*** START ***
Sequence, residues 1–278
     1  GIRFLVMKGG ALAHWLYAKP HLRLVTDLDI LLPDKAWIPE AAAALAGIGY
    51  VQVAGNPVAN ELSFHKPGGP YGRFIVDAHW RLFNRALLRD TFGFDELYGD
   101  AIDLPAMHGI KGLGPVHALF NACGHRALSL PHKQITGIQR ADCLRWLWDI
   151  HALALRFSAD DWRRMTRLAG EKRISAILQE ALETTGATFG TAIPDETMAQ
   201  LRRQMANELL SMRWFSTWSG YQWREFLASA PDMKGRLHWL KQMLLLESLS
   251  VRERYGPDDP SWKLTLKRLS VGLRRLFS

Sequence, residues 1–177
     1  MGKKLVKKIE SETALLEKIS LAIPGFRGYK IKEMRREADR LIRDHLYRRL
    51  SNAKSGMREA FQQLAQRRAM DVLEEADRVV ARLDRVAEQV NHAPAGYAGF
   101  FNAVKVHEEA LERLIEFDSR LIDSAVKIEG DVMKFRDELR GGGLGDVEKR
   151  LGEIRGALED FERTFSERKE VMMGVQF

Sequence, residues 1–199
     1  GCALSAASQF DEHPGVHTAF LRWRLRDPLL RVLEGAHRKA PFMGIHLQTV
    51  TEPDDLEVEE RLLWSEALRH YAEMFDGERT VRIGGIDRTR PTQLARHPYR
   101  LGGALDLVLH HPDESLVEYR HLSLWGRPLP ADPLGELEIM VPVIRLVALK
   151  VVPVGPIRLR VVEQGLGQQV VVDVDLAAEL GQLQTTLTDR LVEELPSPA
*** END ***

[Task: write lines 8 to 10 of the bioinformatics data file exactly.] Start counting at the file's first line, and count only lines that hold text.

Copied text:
Sequence, residues 1–177
     1  MGKKLVKKIE SETALLEKIS LAIPGFRGYK IKEMRREADR LIRDHLYRRL
    51  SNAKSGMREA FQQLAQRRAM DVLEEADRVV ARLDRVAEQV NHAPAGYAGF